My son didn't have cartoons, but he got addicted to a BBC programme called "Words & pictures" [bbc.co.uk] which was shown every morning (and we ended up religiously taping). This starts with describing letters ("e" - "eel, egg") and then draws them very explicitly on a whiteboard with a "magic marker" ("straight across and rouuund"), and the series gradually moves into paired characters and then eventually words. This interest started at age 2.5 or so, and after a totally worn out video recorder (for seeing things again), a mountain of scrapbooks (at first, one character was enough to fill a page) and half a paycheck on whiteboard markers (until we found the liquid filled ones that don't dry out) he was writing and reading at age 3.5. I had not realised he picked up pre-reading as well until I asked him to read ME a story, and it was too fluent for him to read that word by word. A few years later I noticed him speed reading as well, he seems to follow the diagonal method.

    All we did was give him the opportunity, the exposure. No pressure, just help if it didn't work or learning how to hold a pen properly and how to make letters the same size when fine motoric skills were up to it. I must admit I was a bit worried about how deep he got into this - on holidays, all it took was a pen and a notepad to keep him from getting bored. He seems to have my affinity for fast pattern recognition, maybe that helped - I remember having to slow him down so he switched from reading the words to understanding the sentence and its content.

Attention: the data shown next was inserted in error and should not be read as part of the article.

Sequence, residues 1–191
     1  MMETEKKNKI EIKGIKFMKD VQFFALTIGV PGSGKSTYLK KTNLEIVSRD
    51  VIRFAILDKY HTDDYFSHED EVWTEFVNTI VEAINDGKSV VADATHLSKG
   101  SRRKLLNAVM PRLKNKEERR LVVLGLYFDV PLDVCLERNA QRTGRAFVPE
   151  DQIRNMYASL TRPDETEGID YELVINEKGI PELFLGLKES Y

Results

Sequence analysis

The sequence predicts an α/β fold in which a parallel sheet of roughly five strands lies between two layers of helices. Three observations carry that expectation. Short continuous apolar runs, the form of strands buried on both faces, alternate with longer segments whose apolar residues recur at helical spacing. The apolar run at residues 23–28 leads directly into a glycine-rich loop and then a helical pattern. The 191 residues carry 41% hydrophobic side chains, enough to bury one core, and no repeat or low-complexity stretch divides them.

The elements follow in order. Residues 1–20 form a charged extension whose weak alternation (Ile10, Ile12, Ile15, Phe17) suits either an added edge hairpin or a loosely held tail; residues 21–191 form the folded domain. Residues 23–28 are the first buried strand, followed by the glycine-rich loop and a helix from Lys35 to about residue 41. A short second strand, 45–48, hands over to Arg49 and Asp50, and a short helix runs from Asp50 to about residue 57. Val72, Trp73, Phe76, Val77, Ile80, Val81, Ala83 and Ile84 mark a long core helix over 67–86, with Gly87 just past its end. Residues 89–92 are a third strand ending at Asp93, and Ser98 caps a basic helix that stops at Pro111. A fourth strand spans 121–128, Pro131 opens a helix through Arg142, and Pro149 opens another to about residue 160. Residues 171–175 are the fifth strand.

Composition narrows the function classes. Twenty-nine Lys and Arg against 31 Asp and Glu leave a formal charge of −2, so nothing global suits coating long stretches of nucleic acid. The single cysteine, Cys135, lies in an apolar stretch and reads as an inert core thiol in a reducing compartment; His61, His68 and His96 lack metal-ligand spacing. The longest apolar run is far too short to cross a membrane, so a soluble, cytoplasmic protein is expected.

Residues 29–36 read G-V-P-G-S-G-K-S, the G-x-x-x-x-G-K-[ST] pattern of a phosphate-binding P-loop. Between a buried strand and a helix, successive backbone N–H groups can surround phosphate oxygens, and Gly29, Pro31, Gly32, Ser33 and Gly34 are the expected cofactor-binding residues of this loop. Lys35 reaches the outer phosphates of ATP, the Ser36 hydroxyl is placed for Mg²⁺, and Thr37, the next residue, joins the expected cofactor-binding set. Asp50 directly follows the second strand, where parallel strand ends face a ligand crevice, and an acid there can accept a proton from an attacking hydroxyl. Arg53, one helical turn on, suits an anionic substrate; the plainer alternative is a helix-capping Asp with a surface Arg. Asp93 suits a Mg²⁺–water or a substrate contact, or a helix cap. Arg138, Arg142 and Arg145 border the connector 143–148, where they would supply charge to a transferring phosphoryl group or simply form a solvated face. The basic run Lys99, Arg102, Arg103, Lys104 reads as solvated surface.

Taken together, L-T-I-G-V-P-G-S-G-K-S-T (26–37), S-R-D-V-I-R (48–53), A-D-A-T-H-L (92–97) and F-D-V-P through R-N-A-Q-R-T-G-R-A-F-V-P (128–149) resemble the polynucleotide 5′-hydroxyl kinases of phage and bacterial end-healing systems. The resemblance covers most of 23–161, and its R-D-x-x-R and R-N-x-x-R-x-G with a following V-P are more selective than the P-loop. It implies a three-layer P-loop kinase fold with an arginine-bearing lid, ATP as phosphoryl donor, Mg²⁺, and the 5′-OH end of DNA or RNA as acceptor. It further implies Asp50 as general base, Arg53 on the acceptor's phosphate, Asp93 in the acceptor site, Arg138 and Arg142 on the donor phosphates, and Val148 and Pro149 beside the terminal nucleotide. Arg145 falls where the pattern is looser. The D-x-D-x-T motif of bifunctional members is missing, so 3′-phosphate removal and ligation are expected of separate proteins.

At his school there was another girl who'd done exactly the same, so they ended up reading the story of the nativity play that year together.

    Personally, if the BBC would put that series out on DVDs I would recommend this to any parent. Kids seem to pick things up at warp speed when they're ready for it and interested, just don't try to force it (especially when they're little - they will go to school soon enough). Most of the time exposing them to as many different things as possible and having fun with it is enough - if something resonates you'll know soon.

    Thank you BBC.

  • I think comics are excellent literature to learn reading. When I was a child, I had a lot of Donald Duck comics, which are popular in Denmark. I read them over and over again. Little by little, I understood the text better, and by the time I started in school I was able to read. Comics have the advantage that the text is guided by images, this means you can skip the parts that are too advanced for you and still get the overall story, and by repetition you can reduce the parts that you don't understand.